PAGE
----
Some colleges have tried to solve the problem by increasing the number of students receiving a merit scholarship or discount. In the 2017-2018 academic year, the national average discount rate surpassed 50 percent and is projected to continue to increase.

Providing more than half of your tuition in scholarships in order to attract students is not sustainable from a long-term economic perspective. APUS’s focus on its mission of affordability 20 years ago led us to not increase for our active-duty military undergraduate students since 2001 and to provide textbooks at no cost to students for all undergraduate students since then.

Colleges and universities that undergo the recommended process of a digital transformation have the opportunity to offer alternative credentials online that meet the needs of students that they may not presently serve. Assuming the college and university has the technology to offer online courses through a Learning Management System (LMS), the question that needs to be asked is: Do they have the strategy, workforce, and cultural awareness to implement programs that are offered in a different format and marketed to different students?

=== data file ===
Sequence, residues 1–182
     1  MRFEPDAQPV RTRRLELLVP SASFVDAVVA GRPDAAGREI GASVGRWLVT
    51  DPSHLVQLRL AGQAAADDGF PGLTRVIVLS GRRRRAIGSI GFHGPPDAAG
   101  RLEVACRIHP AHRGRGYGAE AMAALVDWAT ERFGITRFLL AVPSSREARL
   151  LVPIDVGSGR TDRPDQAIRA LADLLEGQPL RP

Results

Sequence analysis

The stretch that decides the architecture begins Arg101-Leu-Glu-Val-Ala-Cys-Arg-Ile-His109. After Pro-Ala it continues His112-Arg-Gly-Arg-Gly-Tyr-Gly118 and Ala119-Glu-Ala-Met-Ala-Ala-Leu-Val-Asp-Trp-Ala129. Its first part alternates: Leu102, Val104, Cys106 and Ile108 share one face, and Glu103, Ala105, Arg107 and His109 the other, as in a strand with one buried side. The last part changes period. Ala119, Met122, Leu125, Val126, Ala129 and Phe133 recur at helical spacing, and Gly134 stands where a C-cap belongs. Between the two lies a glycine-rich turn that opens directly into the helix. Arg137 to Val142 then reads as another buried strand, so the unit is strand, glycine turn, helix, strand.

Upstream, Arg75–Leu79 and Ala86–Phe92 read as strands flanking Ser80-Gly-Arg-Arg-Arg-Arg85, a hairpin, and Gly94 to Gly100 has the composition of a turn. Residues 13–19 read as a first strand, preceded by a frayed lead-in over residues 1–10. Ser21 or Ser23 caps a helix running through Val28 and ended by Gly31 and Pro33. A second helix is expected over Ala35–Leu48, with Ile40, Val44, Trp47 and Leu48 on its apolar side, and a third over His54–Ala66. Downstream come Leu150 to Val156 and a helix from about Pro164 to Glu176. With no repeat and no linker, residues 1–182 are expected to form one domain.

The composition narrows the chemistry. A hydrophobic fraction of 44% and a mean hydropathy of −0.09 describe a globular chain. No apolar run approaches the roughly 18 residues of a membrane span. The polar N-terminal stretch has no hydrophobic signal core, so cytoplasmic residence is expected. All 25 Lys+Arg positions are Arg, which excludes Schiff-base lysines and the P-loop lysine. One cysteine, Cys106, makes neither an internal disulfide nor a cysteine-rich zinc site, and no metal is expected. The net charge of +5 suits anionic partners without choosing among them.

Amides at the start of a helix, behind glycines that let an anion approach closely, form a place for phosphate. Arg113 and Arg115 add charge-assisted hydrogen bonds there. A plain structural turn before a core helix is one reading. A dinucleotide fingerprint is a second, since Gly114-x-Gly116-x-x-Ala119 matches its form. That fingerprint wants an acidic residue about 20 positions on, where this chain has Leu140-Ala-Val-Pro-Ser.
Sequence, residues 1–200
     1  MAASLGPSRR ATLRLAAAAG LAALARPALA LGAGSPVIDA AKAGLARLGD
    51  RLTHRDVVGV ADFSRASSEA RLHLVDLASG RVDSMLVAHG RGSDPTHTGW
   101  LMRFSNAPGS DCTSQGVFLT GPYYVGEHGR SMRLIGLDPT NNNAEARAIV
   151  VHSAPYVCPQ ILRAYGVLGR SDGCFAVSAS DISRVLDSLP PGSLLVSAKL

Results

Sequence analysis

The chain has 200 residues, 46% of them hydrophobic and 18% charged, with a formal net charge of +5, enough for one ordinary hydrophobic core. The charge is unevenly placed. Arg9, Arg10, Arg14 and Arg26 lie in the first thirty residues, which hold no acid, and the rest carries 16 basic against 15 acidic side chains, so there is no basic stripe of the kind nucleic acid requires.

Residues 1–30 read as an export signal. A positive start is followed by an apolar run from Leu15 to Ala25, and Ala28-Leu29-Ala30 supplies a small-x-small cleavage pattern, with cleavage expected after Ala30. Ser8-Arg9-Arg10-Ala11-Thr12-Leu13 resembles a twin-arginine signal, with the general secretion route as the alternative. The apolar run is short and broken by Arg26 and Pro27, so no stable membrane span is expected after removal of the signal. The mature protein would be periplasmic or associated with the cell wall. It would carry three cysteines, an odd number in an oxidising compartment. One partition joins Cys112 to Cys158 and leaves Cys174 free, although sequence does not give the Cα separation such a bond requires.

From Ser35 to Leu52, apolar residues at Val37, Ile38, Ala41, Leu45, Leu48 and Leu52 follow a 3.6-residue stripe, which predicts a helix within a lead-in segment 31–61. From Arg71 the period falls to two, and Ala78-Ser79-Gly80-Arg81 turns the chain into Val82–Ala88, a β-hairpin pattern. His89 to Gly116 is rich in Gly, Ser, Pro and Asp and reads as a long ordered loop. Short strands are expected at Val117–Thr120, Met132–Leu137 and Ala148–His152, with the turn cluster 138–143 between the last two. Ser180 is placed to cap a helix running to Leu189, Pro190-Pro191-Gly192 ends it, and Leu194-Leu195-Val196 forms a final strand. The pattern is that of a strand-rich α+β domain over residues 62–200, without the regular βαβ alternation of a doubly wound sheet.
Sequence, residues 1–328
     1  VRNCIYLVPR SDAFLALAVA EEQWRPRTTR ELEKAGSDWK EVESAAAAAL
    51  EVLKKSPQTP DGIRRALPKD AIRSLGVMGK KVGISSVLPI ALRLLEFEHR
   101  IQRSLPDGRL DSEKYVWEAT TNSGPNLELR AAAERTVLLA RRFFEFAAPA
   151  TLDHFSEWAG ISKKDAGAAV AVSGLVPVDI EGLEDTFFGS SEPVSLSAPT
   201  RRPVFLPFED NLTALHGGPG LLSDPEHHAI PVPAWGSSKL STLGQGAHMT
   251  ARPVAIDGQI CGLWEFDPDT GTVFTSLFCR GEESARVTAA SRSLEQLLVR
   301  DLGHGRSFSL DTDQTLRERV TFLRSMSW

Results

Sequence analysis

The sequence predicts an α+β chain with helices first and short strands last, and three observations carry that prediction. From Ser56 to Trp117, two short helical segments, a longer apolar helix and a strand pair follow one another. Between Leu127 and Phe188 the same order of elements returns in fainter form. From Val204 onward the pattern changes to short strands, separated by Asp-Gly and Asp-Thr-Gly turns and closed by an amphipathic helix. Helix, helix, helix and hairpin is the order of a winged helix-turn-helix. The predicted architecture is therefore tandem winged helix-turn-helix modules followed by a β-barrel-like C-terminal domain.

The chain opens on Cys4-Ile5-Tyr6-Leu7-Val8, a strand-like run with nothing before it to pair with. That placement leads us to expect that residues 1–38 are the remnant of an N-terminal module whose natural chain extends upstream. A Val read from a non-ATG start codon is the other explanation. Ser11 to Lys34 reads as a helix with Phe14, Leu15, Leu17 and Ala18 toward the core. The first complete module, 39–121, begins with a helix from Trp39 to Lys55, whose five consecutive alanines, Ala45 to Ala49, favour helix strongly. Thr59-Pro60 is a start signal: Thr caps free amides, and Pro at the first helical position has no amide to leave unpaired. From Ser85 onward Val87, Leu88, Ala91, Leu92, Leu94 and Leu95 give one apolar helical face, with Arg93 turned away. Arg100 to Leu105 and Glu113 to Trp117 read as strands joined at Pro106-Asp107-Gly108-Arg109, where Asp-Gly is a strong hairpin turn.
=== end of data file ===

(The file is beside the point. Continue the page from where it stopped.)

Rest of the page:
In the previous articles discussing the EDUCAUSE Grand Challenges, I have written about APUS’s successes incurred through digital innovations (vs. transformations). In the External Competition category, our focus on student success and relevance has led us to an active student enrollment greater than 83,000.

At the same time, I think there are other ways that institutions can utilize a digital transformation to compete. Let’s start with one area. Years ago, we decided to offer monthly semester starts at APUS, because our working adult students wanted to enroll in a class when it did not conflict with their employment obligations or family obligations.

Most traditional institutions are offering online courses that align with their semester offerings for on-campus students. While campus course offerings are limited by the physical classrooms available, online courses are only limited by the availability of qualified faculty to teach the course.